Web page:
At Cooper King Distillery, they will mash, ferment and bottle their whisky, which takes three years to age, on site. And in the meantime, Chris explained, they’re making their own gin: ‘the more we learned about gin, the more we realised it’s a really exciting drink to distil. You can be so free with it. Focusing on flavour and provenance over volume means we source the best local ingredients for our premium products. Cooper King Dry Gin is cold-distilled with honey from our own beehives, lemongrass and locally-grown lavender. Distilling cold means we preserve many of the delicate flavours that would normally be destroyed by heat, creating a beautifully fresh, vibrant gin of exceptional character, described as a “game changer” by The Gin Fayre.
The more we learned about gin, the more we realised it’s a really exciting drink to distil. You can be so free with it.
Abbie, whose scientific credentials made her a natural distiller, explained how this has been taken up by a local restaurant: ‘we produce a range of bespoke spirits for renowned Michelin-starred restaurant, The Black Swan at Oldstead. Created using unusual botanicals such as marigold flowers and fennel pollen, the plants are picked fresh from their kitchen garden, distilled fresh the same day and served on their famous cocktail menu. More spirits will be distilled as other fruit, flowers and herbs come into season.’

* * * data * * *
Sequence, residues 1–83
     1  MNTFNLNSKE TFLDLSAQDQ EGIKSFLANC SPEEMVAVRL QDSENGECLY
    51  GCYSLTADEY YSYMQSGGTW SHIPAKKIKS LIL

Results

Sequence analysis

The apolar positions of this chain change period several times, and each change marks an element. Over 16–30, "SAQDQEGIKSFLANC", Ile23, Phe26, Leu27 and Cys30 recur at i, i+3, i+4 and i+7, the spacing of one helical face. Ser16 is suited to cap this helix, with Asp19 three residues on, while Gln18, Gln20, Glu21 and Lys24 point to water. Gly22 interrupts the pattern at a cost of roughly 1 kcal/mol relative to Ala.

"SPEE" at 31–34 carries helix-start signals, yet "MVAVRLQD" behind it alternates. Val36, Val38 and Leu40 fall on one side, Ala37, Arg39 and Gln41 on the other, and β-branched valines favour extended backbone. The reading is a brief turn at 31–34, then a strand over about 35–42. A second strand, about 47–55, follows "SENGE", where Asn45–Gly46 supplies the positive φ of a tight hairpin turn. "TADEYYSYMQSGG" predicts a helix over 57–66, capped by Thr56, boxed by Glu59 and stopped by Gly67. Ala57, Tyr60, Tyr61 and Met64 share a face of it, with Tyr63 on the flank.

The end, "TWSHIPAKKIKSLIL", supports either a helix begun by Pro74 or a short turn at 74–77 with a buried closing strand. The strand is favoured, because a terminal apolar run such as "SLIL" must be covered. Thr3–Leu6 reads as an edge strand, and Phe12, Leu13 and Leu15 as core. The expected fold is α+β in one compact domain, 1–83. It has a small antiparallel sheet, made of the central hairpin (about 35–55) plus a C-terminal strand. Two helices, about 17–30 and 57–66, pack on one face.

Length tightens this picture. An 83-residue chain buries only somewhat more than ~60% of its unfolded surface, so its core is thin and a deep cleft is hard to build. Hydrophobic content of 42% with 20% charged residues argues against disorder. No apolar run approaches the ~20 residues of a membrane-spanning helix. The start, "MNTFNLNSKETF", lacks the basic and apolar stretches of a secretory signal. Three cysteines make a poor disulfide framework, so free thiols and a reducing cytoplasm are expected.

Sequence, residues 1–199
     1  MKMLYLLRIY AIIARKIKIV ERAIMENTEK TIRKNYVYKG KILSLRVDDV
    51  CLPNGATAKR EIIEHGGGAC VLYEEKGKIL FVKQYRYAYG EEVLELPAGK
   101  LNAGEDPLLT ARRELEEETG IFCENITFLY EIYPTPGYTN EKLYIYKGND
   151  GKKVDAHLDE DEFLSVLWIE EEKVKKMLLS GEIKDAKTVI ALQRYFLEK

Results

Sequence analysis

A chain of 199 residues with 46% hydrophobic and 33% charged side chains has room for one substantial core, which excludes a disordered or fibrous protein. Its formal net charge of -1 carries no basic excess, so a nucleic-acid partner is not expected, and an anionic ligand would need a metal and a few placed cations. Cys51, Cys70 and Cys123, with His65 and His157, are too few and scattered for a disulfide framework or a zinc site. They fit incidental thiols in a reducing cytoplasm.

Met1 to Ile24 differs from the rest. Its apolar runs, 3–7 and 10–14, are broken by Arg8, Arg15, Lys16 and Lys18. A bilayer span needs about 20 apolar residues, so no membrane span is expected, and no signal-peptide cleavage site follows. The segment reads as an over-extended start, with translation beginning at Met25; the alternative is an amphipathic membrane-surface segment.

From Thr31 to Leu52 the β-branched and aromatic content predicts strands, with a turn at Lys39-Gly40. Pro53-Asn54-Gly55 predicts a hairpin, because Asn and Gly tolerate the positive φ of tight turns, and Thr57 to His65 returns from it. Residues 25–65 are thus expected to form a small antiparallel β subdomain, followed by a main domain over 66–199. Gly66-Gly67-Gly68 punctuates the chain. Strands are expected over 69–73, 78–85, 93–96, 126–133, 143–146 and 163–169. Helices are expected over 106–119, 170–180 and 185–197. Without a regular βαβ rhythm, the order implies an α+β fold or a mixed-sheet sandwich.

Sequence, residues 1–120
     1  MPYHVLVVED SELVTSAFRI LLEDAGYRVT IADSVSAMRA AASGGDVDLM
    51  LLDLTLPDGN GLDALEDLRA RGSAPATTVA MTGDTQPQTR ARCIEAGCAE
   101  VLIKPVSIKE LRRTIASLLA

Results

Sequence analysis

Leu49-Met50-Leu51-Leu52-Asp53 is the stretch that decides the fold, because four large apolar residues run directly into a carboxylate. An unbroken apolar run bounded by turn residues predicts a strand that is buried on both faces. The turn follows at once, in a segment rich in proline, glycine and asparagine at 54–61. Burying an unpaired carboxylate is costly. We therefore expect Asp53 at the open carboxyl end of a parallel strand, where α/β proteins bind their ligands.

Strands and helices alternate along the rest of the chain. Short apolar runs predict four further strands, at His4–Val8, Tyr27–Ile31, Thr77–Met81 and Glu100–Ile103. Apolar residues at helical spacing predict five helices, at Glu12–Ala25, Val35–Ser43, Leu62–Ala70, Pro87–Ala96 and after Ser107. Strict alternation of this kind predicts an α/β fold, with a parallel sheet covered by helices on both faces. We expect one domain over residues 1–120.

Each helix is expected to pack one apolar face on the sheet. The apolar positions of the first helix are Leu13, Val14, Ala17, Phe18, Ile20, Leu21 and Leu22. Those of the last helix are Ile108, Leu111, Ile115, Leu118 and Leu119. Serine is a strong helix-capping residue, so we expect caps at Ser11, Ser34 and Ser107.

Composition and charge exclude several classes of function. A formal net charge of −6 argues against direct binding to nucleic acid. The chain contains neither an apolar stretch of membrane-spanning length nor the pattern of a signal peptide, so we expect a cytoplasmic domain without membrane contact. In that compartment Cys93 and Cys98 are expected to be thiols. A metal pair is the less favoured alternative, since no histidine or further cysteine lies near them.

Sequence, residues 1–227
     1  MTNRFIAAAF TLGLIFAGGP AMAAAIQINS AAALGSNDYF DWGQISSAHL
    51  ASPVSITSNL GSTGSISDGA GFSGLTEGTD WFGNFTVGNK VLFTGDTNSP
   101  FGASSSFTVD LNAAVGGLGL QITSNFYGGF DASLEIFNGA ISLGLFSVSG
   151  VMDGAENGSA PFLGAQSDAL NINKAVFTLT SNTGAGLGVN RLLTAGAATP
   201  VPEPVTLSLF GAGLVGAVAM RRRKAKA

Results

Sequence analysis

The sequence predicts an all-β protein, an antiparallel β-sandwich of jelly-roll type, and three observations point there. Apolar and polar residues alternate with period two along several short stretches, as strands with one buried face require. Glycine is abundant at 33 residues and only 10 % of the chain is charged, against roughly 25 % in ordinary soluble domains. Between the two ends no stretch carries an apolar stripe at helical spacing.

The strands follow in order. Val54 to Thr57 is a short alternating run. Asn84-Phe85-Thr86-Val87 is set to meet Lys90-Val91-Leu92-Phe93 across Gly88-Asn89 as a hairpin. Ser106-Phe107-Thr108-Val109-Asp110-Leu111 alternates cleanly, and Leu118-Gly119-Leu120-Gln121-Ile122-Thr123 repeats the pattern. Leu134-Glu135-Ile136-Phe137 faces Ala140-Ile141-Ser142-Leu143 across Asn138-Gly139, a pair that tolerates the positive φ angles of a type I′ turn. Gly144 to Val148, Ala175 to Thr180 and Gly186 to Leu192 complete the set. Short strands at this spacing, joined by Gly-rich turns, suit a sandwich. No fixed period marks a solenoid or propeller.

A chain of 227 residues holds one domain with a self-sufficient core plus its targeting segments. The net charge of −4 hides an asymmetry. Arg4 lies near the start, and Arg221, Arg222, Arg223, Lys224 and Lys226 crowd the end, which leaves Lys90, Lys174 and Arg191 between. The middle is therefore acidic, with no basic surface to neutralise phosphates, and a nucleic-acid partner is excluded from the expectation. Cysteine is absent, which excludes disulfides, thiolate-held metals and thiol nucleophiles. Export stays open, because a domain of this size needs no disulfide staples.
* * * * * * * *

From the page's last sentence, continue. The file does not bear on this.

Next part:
The world’s best whisky: underway
The first Cooper King whisky won’t be available until 2024, but until then the business will continue selling gin and running events and tours at the distillery.
‘We’ve had so much interest from local bars and restaurants that want to stock us, and lots of online orders. The support has been incredible. It helps that we’ve been very honest and open about who we are. This is our passion and I think that’s coming through and people are connecting with that.’
The couple have plans to set up a smokehouse and a bakery on site, and hope to one day win the title of world’s best whisky with Cooper King. An ambitious target but one that Chris sees as having a wider significance: ‘An English whisky has never won that before. That would be absolutely fantastic for us but also for the English whisky industry as a whole.’ And, as Abbie pointed out, there are some perks to having a distillery in your back garden: ‘it’s my birthday soon and I’ll be celebrating with a gin and tonic made by my own fair hand. It’s going to be an amazing feeling!’
It helps that we’ve been very honest and open about who we are. This is our passion and I think that’s coming through and people are connecting with that.
A vision grounded in sustainable principles